There have been many nasty little stories based on the sawing-the-woman-in-half trick. This is one of them. Yes, Robert Bloch wrote it; yes, it’s Hitchcock. But it’s basically a nasty piece of work. Give the show’s sponsor credit: This episode was deemed unsuitable and never shown as part of the series (until syndication). It should have stayed lost. Not worth a dime, and a blemish on the disc.
Rich and Strange, 1931, b&w. Henry Kendall, Joan Barry, Percy Marmont, Betty Amann, Elsie Randolph. 1:32 [1:23].
I’m not sure what to make of this, but I do know that without Hitchcock’s name, I’d write it off as a pointless, sketchy picture with mostly unlikable characters and a plot that makes little sense. It involves a married middle-class couple (with a blowhard husband) of little means who suddenly acquire an inheritance. They go on a cruise on which he’s terribly seasick for many days and she befriends a dashing Commodore (Marmont). When he gets better, he’s befriended by (and takes a liking to) a supposed princess. (There’s an absurd “old maid” also [Randolph], interfering with everybody.) The princess is a gold-digger and after digging all his gold (there wasn’t that much), departs. The woman should leave with the dashing man who clearly loves her and will take care of her, but she’s devoted to her unfaithful, boorish husband. Then, on their return voyage (on a lesser vessel), there’s some sort of accident, they’re trapped in their cabin and abandoned, but they get out and are picked up by a Chinese junk. And wind up back at home.
Hitchcock makes heavy use of title cards as transitions. I found them reminiscent of silents but a poor substitute for flow, in a movie that feels like a set of isolated incidents. Some IMDB reviewers call this a dark comedy, but I found nothing particularly amusing, unless it’s the annoying overplayed “old maid.” All in all, this was more irritating than enjoyable, but Hitchcock completists might enjoy it. At best $0.75.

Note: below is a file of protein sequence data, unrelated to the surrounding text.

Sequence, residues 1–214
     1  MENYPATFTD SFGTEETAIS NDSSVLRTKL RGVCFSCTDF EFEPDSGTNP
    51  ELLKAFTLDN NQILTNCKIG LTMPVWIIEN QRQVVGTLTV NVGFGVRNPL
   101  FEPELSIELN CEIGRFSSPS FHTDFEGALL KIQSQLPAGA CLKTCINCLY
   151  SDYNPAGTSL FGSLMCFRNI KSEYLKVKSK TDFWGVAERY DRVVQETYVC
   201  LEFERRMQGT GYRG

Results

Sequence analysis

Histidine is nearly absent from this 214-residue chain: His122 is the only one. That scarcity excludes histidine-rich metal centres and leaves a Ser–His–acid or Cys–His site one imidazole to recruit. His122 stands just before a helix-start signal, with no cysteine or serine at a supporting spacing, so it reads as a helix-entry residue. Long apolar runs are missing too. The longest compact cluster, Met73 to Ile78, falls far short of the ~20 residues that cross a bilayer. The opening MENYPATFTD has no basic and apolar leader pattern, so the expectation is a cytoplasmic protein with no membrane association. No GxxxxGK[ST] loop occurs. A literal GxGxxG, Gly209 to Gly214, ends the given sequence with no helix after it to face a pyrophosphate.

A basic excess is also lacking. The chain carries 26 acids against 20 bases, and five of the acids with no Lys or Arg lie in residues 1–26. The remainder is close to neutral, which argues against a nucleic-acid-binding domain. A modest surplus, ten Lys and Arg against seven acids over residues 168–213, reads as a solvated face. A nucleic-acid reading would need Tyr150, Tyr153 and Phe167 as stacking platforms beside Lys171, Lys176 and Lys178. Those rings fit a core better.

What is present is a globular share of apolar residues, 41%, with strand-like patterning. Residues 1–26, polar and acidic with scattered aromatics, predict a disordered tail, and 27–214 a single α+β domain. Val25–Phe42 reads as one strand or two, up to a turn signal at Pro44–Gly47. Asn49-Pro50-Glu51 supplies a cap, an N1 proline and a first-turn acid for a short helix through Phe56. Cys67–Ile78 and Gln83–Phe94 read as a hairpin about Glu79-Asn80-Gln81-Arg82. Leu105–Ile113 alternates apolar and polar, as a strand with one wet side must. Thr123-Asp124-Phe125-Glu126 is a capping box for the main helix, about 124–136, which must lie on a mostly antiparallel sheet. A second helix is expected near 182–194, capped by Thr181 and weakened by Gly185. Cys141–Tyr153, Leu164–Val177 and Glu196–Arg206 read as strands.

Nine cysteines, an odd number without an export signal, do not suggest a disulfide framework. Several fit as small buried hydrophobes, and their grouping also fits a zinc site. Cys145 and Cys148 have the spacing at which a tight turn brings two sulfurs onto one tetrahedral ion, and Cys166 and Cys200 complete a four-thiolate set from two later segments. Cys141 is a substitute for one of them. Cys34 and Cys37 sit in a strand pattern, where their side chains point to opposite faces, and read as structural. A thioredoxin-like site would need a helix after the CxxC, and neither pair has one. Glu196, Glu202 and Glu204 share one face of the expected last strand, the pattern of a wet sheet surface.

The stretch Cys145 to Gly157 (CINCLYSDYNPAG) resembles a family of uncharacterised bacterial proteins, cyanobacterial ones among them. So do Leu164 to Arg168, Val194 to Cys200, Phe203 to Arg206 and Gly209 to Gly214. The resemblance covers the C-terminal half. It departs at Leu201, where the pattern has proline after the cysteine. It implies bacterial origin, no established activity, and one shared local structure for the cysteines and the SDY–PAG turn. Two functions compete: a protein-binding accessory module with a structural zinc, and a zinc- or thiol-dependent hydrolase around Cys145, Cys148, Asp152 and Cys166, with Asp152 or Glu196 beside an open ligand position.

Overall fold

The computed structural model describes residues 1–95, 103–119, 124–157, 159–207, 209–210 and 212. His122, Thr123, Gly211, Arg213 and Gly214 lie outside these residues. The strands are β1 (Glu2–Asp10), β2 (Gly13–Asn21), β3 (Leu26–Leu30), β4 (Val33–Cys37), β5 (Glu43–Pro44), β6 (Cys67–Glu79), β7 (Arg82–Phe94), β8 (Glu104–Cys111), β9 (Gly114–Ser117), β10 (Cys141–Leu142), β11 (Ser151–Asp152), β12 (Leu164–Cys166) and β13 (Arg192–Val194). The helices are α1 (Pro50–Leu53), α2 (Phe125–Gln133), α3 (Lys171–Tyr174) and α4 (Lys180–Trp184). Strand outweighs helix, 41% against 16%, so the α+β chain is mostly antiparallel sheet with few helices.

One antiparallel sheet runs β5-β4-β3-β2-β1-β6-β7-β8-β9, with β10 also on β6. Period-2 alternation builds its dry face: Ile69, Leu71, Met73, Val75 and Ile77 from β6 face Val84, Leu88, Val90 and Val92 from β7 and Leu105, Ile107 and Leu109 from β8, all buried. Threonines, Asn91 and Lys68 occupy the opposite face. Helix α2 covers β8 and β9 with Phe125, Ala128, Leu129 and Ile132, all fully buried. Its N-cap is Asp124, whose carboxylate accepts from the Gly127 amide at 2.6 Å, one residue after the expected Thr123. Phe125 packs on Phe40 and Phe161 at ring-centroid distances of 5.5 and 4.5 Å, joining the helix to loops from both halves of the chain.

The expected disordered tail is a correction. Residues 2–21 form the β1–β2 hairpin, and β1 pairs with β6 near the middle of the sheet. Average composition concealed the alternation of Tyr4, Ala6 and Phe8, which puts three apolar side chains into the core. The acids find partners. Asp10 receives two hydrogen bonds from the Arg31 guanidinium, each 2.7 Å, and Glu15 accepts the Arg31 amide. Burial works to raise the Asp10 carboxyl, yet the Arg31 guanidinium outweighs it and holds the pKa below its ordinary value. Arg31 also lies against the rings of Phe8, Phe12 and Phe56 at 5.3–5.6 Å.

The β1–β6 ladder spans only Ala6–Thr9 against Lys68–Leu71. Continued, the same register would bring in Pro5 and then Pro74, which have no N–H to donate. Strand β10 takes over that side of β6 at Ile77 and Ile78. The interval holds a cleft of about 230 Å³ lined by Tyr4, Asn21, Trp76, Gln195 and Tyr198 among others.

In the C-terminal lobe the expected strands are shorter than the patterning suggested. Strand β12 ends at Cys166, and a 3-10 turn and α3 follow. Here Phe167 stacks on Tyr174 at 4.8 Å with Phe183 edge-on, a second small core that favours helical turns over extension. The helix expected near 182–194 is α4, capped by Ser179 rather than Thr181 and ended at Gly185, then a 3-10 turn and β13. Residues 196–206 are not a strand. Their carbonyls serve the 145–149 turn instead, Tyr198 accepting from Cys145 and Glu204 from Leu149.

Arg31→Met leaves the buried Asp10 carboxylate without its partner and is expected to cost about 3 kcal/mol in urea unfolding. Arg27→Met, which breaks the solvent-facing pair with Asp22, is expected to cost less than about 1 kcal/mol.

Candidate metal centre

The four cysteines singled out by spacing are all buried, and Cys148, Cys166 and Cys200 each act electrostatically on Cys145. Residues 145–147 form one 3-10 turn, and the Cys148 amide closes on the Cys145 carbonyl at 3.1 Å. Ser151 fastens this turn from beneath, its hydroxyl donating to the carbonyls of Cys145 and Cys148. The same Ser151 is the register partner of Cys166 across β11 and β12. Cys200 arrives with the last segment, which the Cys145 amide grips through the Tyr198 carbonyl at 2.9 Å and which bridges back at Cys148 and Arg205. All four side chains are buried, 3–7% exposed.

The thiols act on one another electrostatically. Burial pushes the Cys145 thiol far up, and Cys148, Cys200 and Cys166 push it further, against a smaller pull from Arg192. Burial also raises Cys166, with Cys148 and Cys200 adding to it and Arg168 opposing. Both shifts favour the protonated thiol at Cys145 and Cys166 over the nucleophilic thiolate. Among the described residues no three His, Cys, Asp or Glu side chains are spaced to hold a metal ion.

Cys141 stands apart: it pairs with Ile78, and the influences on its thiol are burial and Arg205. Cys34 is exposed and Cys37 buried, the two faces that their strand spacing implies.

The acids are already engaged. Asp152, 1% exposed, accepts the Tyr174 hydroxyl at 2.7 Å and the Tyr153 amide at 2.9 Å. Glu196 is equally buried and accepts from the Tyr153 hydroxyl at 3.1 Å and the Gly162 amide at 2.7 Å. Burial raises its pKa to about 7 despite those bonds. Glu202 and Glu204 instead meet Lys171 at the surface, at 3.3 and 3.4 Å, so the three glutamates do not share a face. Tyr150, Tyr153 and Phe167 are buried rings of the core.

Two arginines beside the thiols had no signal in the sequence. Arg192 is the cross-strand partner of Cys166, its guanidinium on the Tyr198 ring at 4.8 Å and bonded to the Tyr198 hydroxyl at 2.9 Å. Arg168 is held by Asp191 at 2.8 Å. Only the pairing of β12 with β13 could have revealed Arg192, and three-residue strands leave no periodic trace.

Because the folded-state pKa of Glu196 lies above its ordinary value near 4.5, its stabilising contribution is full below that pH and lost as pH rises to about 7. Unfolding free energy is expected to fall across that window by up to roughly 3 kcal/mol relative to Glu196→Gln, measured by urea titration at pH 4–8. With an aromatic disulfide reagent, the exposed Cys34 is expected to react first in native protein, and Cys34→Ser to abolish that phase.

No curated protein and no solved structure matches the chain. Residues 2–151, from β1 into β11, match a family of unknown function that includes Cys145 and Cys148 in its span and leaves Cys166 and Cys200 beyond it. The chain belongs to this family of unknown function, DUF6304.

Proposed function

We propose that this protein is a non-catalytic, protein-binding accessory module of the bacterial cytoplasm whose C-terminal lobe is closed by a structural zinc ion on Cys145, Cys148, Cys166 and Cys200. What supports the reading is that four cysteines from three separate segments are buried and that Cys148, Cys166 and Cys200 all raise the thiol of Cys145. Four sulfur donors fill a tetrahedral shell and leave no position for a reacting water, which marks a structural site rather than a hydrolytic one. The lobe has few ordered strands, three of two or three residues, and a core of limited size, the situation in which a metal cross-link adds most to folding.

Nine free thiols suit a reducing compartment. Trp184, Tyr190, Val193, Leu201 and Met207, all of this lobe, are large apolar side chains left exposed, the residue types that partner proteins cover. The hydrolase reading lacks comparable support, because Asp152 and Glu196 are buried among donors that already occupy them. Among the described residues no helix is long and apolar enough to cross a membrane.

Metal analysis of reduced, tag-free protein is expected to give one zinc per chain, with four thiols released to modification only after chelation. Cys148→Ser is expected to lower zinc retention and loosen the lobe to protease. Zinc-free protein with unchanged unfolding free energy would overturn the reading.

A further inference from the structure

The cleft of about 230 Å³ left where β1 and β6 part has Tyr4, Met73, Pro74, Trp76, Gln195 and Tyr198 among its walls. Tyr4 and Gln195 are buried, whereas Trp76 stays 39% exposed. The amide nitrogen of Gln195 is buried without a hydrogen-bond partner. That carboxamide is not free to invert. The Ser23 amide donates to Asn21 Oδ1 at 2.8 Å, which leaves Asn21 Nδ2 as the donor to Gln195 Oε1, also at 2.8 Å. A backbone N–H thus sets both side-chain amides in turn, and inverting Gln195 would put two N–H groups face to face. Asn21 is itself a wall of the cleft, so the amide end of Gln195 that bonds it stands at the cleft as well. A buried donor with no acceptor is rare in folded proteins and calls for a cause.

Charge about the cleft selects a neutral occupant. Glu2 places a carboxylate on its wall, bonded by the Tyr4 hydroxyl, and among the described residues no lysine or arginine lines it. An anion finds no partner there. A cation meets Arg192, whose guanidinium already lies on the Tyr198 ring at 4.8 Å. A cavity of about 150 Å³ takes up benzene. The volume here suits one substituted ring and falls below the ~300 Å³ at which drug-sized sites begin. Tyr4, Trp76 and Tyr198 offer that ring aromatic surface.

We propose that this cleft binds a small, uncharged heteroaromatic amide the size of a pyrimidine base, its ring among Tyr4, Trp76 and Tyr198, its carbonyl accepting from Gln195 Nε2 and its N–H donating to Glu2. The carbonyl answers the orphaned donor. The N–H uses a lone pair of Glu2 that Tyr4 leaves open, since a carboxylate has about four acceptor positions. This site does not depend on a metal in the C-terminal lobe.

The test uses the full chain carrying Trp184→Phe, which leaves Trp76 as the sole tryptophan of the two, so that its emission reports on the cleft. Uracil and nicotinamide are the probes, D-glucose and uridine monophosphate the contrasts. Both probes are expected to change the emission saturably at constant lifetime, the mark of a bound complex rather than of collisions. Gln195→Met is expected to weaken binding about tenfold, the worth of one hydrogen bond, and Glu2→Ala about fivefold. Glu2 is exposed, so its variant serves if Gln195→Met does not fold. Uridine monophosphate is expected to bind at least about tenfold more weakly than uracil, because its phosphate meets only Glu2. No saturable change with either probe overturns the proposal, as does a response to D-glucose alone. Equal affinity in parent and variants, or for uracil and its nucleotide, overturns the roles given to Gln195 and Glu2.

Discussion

The 39 Steps, 1935, b&w. Robert Donat, Madeleine Carroll, Lucie Mannheim, Godfrey Tearle, Peggy Ashcroft, Wylie Watson. 1:26 [1:23].
This is more like it. A proper thriller that plays fair with the viewer and is good, solid, well-directed entertainment. I won’t give you the whole plot just in case you haven’t seen this one, but it involves a female spy-for-hire, a mysterious alien protagonist (he’s Canadian!), espionage within Britain by foreign agents, police misunderstandings (quite understandable ones), feats of prodigious memory and a lot of Scotland. You get murder (but no gore), shooting, trains and bridges, political humor, music halls…and charming innkeepers.
I could probably poke tiny holes in the plot, but no more so than in any good thriller. The acting’s fine—low-key, which suits the plot. The print’s not perfect, but pretty good, and this one’s a classic--an easy $2.
Secret Agent, 1936, b&w. John Gielgud, Peter Lorre, Madeleine Carroll, Robert Young. 1:26.
In this delightful romantic comedy… OK, it’s an espionage thriller—although there is comedy and romance. Set in World War I, it involves a hush-hush British spy organization (but with “R” rather than “M” as the head), a returning soldier who’s conveniently “died” as reported in the press as he’s being recruited to do a little counterespionage, a beautiful woman posing as his wife…and Peter Lorre being Peter Lorre, as over the top as you’d expect.